They said it all the time, and I would furiously rush to do the countercurse for them to hopefully save our shows. It became a huge joke, and everyone thought it was hysterical, but I was truly terrified that something was going to happen.
During our preview performance during the school day, the curse presented itself. The first one-act was set in a high-school classroom of a school that was just placed on lockdown. There’s a scene where the fire alarm goes off, and there’s chaos in the room and everyone’s running around and screaming. During this moment, one of the shy and timid students escapes out of the classroom. While we were doing this scene, the actress playing the shy student got shuffled around in all of the chaos and ended up flying into the classroom door, headfirst, taking the doorknob with her. Luckily, she wasn’t too seriously injured, but my castmates eased up on the teasing after that!
— Marissa R.
4. The Aftermath
It was our final show, and someone said “Macbeth” right before curtain. The show went fine. Afterward, we packed up the auditorium. To take the trash out, we bring it up the elevator to save ourselves from carrying it up the stairs. Well, when we went up, the elevator got stuck and firemen had to come and get us out.
— Emma O.
5. All of the Injuries
My senior year of high school, I worked on costumes for “West Side Story.” Someone in the cast had read the play for English class, and someone said the name in the theatre. Shortly after, our Maria ended up in the hospital, Tony sprained his ankle and one of the ensemble members shattered his heel during a fight scene rehearsal. This was all about four days before opening night. Luckily, everyone was OK, and even the guy with the shattered heel still made it onstage. But, needless to say, my high school is definitely wary of the Scottish play now. I actually think the guy who shattered his heel was the guy who said the name of the play.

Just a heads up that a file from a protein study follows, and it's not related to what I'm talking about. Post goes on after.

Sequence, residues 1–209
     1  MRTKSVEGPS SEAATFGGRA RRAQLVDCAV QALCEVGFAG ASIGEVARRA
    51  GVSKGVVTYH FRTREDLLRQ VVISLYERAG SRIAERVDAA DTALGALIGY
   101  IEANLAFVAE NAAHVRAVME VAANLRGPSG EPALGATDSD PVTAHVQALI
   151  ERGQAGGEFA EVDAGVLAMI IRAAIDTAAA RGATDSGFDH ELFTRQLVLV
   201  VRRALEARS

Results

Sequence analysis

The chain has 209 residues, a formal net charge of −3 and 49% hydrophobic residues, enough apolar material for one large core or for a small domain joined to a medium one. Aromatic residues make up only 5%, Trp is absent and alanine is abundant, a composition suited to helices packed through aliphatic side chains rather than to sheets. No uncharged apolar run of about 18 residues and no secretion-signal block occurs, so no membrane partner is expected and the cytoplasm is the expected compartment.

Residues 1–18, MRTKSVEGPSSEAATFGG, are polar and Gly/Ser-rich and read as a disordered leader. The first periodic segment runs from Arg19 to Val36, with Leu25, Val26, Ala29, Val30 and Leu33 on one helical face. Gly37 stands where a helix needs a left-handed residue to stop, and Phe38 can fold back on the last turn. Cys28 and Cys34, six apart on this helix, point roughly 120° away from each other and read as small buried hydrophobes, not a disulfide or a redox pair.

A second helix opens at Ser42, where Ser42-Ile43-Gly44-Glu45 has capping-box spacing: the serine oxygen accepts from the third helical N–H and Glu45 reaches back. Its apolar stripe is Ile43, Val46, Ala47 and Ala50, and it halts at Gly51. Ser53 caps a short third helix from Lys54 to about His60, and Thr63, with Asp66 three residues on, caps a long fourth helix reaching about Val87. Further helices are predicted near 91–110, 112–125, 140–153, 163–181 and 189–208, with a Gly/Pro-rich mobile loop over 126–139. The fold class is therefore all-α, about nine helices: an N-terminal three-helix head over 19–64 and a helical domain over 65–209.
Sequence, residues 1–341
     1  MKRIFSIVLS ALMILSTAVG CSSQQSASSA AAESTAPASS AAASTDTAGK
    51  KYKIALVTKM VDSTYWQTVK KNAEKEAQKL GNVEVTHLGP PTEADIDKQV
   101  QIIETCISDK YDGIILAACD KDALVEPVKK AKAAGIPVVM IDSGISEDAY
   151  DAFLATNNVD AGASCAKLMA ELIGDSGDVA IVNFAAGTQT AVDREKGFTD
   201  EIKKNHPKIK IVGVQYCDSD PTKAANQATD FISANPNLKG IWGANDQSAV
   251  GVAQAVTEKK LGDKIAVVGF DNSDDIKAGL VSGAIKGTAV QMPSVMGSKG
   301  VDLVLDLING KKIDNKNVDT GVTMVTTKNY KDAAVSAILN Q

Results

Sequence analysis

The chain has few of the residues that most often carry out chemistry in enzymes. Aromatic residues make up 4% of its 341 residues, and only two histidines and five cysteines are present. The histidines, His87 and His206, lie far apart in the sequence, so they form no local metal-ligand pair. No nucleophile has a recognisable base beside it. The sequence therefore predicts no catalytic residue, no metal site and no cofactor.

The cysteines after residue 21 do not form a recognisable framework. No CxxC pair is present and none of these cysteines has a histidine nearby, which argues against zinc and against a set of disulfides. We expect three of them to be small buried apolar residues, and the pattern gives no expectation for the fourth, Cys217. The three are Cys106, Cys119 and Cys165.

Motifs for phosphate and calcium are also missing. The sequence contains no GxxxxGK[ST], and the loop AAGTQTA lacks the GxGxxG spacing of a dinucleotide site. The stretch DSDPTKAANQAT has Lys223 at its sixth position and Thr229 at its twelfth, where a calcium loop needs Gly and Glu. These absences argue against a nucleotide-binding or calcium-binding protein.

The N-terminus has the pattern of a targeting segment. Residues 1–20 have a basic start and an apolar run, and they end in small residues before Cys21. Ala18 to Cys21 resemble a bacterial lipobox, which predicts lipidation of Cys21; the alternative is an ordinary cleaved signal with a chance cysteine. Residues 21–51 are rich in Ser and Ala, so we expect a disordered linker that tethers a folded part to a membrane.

— Brianna N.
At our community college, we were in tech week for “Taming of the Shrew.” An older man who had taught English but had never done theatre said it during a prop check. The chair broke and he fell. Then, the chair fell on him and he broke his shoulder. The light board also buzzed and shorted out. We attempted to do some “reverse the curse” ritual, and then we were told to go home.
— Meg S.
7. Third Time’s the Charm
In high school, we were getting the set together for two different shows. One of the students did believe in the “M-word” and decided to say it three times center stage and loud enough to hear across the theatre. Shortly after, one student had a bad feeling about the lights onstage and decided to double-check. It was a good thing, too, because the light was about to fall. Then, one of the female leads in one of the plays was cutting some fabric for curtains and cut her finger deep enough that she needed stitches. Next, the guy who was in a group during rehearsals was walking around the stage and fell off the stage, spraining his ankle.
— Natalia B.